Note: Now with added game: scroll down
As the three chess-playing readers of this blog will know, club chess players who play regularly in club leagues end up with what in English chess is commonly called a ‘grade’ or ‘grading’, and in many other countries a ‘rating’.
This number is based on the gradings/ratings of the people you have played in competitive games, and the results, and gives an indication of how good a player you are. For instance, a reasonable standard competitive club player might be 150 on the English scale, someone with real pretensions as a player might be 200+, and a chess grandmaster would typically be 230 or above. There is some discussion and even the grading distribution from a few years ago here.
I last had one of these gradings as an 18 year-old in 1979, the last year I played chess before quitting to pursue a then rather all-consuming interest in (inter alia) punk rock electric guitar, dressing up in ridiculous clothes, and consuming cheap cider, beer and red wine [In other words, I became a student].
Anyway, I have played just enough games down at the chess club this autumn to have accrued one of these gradings again. It is 160 on the English scale, which equates approximately to somewhere around 1900 on the international (ELO) chess rating scale.
I am pretty sure this number is distinctly on the optimistic side, since I haven’t played against many players with ratings above this figure, and that is always the real test. But… I’m quietly pleased that I can play at all after so long. And it’s always good to know that your brain’s ability to solve cognitive puzzles hasn’t completely gone.
Although talking of cognitive puzzles – I should say that in my earlier chess-playing career I did at one point have a rating of approximately 160. That was in 1977, when I was 15 or 16 years old.
Always nice to get these things in their proper perspective.
PS Now updated with an actual game…
For dedicated chess-ists, here’s a game to be going on with. It’s from the beginning of the chess ‘season’ back in late September. I remember it was an unseasonably warm night, something of a contrast with now! This was an away match, and played in a South Manchester Conservative Club, so there were large portraits of Winston Churchill, Margaret Thatcher and the Queen hung about the place. Thankfully Mrs T was not hung in the room we were playing in, as I think her gimlet gaze, even on canvas, might have put me off.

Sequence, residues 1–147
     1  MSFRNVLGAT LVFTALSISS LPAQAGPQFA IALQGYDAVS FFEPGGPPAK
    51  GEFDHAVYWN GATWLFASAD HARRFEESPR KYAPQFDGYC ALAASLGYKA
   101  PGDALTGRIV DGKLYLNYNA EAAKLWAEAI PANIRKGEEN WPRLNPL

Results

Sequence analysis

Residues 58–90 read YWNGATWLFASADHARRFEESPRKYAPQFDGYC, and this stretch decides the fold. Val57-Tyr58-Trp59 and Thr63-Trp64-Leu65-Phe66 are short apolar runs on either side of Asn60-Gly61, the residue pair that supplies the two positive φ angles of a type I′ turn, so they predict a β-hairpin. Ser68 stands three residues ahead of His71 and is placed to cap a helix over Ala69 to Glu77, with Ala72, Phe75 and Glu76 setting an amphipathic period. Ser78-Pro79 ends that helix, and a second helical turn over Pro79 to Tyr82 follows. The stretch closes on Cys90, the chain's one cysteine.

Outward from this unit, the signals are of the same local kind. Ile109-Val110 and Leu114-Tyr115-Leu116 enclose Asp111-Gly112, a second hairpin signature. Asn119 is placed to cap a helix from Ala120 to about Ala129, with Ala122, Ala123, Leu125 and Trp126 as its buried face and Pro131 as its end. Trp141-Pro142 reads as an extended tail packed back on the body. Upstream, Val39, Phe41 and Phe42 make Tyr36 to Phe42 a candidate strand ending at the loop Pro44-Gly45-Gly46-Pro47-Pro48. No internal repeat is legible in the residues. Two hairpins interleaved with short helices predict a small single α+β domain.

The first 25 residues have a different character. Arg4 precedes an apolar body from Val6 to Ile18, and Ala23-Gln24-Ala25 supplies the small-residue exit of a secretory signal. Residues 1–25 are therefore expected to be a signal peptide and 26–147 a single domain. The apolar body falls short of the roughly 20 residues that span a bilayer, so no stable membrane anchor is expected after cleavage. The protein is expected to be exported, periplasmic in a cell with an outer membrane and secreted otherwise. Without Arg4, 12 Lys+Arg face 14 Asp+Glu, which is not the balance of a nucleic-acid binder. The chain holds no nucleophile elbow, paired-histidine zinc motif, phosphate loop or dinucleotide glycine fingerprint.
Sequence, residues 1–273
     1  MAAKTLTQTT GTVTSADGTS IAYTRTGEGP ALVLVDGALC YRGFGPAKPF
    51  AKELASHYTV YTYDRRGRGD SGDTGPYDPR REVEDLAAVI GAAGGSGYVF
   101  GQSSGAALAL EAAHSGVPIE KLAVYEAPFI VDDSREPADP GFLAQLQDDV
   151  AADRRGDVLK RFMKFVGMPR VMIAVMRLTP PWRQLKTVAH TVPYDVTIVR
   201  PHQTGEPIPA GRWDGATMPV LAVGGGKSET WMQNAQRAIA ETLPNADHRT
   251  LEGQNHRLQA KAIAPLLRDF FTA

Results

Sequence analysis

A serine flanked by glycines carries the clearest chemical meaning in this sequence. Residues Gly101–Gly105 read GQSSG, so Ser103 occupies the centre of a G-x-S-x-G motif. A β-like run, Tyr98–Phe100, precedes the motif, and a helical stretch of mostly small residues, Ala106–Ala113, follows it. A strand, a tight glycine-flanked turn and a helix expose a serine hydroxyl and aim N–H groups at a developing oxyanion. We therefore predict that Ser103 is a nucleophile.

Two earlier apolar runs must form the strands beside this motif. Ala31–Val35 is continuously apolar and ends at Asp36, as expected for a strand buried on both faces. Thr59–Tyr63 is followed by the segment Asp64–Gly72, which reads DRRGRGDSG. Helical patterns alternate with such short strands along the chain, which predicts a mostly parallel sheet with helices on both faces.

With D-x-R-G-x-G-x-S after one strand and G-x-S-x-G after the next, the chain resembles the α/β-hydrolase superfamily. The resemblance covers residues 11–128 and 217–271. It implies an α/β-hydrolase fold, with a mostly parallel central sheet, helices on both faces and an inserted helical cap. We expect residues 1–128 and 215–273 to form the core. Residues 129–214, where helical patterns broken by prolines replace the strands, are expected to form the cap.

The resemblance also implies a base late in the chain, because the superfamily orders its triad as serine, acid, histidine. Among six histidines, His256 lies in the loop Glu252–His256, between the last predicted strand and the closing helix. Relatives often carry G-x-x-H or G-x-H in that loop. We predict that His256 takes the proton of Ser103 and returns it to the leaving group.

It isn’t a terribly good game really – more one of those ones exemplifying Savielly Tartakower’s famous dictum that “the winner of the game is the one who makes the next-to-last mistake’ – but it was a tense struggle. I got a clear advantage in the opening, then let it slip rather around moves 17-21 , and then got it back when my opponent went wrong. In the endgame I was clearly winning, and was material ahead, but was terribly short of time – I reached move 30 with only 20 minutes left to finish the entire game, while my opponent had more than 50, and by the time the Queens had been exchanged on move 35 I was well into my last 10 minutes. This made the end of the game surprisingly tense.
I was quite pleased to win in the end – first because it’s nice to win, at least once in a while, and also because I’d been unexpectedly promoted to board 2 in the team and my opponent, who had a rating around, ECF 140 / 1750, was the highest-rated player I’d then played on the comeback trail. But it was most pleasing, I think, because winning out at the end of a back-and-forth 3 hr struggle helped convince me I could still play a little.
Anyway, notes more or less as I wrote them when I was analysing the game later.
AE – JB Manchester Chess Association Wahltuch Team Trophy Sept 2011
1. e4 e5 2. Nf3 Nc6 3. Bb5 Nf6 4. 0-0 d6 5. Re1
(I think White is supposed to play d4 straight away here, but I had forgotten. The rather slow set-up I chose – with Re1, c3 & h3 to prevent …Bg4 – is the ‘standard’ kind of closed Ruy Lopez scheme that White usually employs after 3.. a6 4 Ba4)
5. ..Be7 6. c3 0-0 7. h3 Bd7 8. Ba4
Worrying unnecessarily about possible ‘discovered attack’ tactics if the Nc6 moves.
There seems no reason to move the B again, and it invites White’s next move d4 – after which, as White threatens d5, the B simply ends up back on d7.
9. d4 ed: 10. cd: Bd7 11. Nc3 a6
A move without much point to it when the White B is already on a4.